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Written by Kieron Byatt
The key to a successful crossover is to unite two properties that you never thought would share the same page, but also create a team-up that immediately makes sense. 2015’s Batman/Teenage Mutant Ninja Turtles from DC Comics and IDW Publishing did exactly that, delivering a six-issue event oozing with nostalgia. The follow-up is finally here.
Last time around, James Tynion IV and Freddie Williams II delivered on catering both to fan-service and crafting a legitimately engaging narrative.
All the characters had their own room to breathe, even though there was a fair amount of action jammed in, with the highlights including Batman and Raphael’s brood-off, one of the wisest villain pairings in Ra’s Al Ghul and Splinter, Arkham’s inmates being turned into mutant-animal hybrids and to top it all off we learnt that Bruce Wayne doesn’t mind him some pizza.
With all expectations and nerdy Batman/TMNT wish-lists satisfied last time around, it makes one wonder as to where the next adventure may take us? Krang? Bebop and Rocksteady? Red Hood clashing with Casey Jones?
Well, seeing as last time saw the “heroes in a half-shell” finding themselves transported via portal into Gotham, plopping Bats in the middle of New York City feels like the logical next step for this adventure. Whereas last time around we were immediately dropped into the story that would see Bats and the Turtles cross paths, in Part II, Tynion IV takes his time in reuniting them. He plays credence to exploring the dynamic of the four ninjitsu trained reptiles, specifically Donatello, who receives some well-earned and deftly executed characterisation. Donnie’s demons actually plant the seed for why we’re back for a round two of the crossover and it ultimately leads to the particularly mouth-watering addition of fan-favourite Batman villain, Bane, who only appeared in a few panels last time round as a mutated elephant.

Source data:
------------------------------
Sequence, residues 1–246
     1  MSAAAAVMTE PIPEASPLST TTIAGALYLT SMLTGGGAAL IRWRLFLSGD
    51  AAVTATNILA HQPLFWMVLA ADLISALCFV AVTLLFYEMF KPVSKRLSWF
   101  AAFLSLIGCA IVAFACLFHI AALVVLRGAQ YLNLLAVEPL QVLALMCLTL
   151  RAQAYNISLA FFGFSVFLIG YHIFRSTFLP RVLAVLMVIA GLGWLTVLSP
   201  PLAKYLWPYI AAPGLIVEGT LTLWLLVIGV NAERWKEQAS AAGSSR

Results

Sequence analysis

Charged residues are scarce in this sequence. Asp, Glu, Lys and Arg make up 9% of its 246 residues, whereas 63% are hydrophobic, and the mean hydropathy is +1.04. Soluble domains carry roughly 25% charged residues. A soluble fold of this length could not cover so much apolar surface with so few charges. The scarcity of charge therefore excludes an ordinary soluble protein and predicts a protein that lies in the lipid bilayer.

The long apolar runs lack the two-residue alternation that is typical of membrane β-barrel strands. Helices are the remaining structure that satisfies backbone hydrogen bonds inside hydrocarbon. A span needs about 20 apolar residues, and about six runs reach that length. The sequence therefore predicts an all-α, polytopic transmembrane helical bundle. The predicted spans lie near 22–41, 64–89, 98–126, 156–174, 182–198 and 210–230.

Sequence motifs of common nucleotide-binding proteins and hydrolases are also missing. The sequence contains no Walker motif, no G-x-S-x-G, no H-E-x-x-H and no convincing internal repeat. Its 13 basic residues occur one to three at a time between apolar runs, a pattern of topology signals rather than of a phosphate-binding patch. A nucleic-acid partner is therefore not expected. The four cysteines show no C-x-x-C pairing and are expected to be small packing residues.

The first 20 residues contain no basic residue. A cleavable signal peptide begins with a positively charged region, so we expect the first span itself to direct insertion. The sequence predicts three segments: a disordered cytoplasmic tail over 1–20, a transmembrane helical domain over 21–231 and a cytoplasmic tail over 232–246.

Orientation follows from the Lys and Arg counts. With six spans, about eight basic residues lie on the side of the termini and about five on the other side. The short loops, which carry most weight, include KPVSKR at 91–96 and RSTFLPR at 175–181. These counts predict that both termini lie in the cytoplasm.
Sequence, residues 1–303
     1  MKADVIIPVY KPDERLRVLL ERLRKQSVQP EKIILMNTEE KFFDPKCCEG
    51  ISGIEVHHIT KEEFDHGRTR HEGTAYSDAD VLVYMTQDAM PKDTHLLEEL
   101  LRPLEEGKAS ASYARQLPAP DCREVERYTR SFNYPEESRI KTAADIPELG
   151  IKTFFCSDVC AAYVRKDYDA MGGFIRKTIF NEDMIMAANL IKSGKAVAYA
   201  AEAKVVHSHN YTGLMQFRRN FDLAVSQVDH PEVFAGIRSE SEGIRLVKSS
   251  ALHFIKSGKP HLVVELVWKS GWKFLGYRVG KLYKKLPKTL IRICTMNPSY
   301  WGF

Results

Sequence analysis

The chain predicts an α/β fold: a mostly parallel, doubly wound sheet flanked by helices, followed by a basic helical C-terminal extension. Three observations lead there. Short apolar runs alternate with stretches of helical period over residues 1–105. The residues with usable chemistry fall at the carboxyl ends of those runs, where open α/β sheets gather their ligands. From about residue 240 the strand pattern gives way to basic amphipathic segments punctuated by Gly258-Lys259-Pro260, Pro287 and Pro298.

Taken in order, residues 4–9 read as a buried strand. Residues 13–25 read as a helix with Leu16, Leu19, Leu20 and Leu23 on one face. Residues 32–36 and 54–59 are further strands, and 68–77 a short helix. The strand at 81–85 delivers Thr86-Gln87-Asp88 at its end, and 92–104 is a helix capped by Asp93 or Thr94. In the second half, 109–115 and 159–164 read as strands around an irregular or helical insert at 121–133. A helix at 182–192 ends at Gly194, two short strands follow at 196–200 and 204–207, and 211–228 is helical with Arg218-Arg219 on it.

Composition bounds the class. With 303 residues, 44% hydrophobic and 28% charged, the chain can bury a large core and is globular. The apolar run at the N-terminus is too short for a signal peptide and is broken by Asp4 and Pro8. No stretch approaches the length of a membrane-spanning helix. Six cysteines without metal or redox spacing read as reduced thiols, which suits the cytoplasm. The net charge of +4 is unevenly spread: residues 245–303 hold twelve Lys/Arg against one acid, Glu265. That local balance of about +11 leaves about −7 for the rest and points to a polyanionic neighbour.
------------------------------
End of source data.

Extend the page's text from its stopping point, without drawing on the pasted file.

As first issues of a cross-over travel, the concept is set-up cleanly, even if there’s no serious Batman and TMNT splash panels yet. But fans of the last volume’s character interplay at the hands of Tynion IV combined with Williams II’s ‘90s cartoon inspired rich panels with the dark texture and shadowing of Jeremy Colwell’s ink-work will be more than pleased.